QOTD: The Worst Examples of Automotive Cooperation?

Corey Lewis
by Corey Lewis
qotd the worst examples of automotive cooperation

Automakers are keen to pursue partnerships with one another when it means saving money via economies of scale, or when it supports an established corporate structure. Whether it’s in the form of some basic components-sharing or a more intensive joint venture, today we want to hear about the worst possible examples of automotive cooperation.

Today’s question was a suggestion from commenter ToolGuy a few weeks back on the QOTD post about awful Nineties design from Asia. He wanted to discuss the good and bad outcomes of joint ventures. We’re opening the field up to general cooperation as well, discussing the worst ones first (per standard operating procedure).

Warning, a piece of poo incoming:

The Jaguar X-Type was a great example of automaker collaboration gone horribly wrong. As a key eventual component of the Premier Automotive Group, Jaguar was subject to the whims of Ford between 1989 and 2008. Some of Ford’s orders were most beneficial to Jaguar: Vastly improved quality control and dollars invested in updated manufacturing processes. The flagship XJ in particular reaped the benefits of Ford’s ownership.

At the other end of the spectrum was the X-Type.

Circa 2000, Jaguar had an entry-level sedan-shaped hole in its lineup when compared to most every other European automaker. Ford saw an opportunity in the Mondeo, which was already popular and selling well across Europe. “Go,” Ford said, “and make this a very luxurious compact for not much money.” Jaguar was forced to comply. The X-Type went on sale for model year 2001, a year after its brother’s third-gen arrival across Europe.

Though it was successful from a sales perspective when compared to more expensive Jaguar offerings, it never met the projected figure of 100,000 sales per year. Instead, it achieved around 350,000 sales total in its run through the 2009 model year. The X-Type’s interior had an air of imitation luxury, which paired nicely with reliability issues. Engine problems, transmission failures, fluid leaks, overheating — oh my! An okay Ford ended up a fairly bad Jaguar, harming the brand’s reputation as X-Types littered BHPH lots within three or four years from new.

Off to you in the comments; let’s hear about the worst in cooperative efforts.

[Images: GM, Jaguar]

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  • TheEndlessEnigma GM, Ford and Stellantis have significant oversupply of product sitting on dealer lots and banked up in holding yards across the country. Big 3 management is taking advantage of UAW's action to bring their inventories inline to what they deem reasonable. When you have models pushing 6 months of supply having your productions lines shut down by a strike is not something that's going to worry you. UAW does not have any advantages here, but they are directly impacting the financial well being of their membership. Who will be the first to blink? Those UAW members waving the signs around and receiving "strike pay" that is, what, 20% of their wages? UAW is screwing up this time around.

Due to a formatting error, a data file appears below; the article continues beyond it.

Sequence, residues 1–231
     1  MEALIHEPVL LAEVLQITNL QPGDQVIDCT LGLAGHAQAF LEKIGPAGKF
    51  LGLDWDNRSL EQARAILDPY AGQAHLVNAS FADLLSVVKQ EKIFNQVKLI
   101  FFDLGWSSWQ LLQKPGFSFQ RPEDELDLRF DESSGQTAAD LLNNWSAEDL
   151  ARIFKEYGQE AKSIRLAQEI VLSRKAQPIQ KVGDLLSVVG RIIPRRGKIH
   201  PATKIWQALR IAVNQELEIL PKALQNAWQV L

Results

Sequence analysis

• CEastwood Seven mil nitrile gloves from Harbor Freight for oil changes and such and the thicker heavy duty gripper gloves from Wally World for most everything else . Hell we used to use no gloves for any of that and when we did it was usually the white cloth gloves bought by the dozen or the gray striped cuff ones for heavy duty use . Old man rant over , but I laugh when I see these types of gloves in a bargain bin at Home Cheapo for 15 bucks a pair !
  • Not Previous Used Car of the Day entries that spent decades in the weeds would still be a better purchase than this car. The sucker who takes on this depreciated machine will learn the hard way that a cheap German car is actually a very expensive way to drive around.
  • Bullnuke Well, production cuts may be due to transport-to-market issues. The MV Fremantle Highway is in a Rotterdam shipyard undergoing repairs from the last shipment of VW products (along with BMW and others) and to adequately fireproof it. The word in the shipping community is that insurance necessary for ships moving EVs is under serious review.
  • Frank Wait until the gov't subsidies end, you aint seen nothing yet. Ive been "on the floor" when they pulled them for fuel efficient vehicles back during/after the recession and the sales of those cars stopped dead in their tracks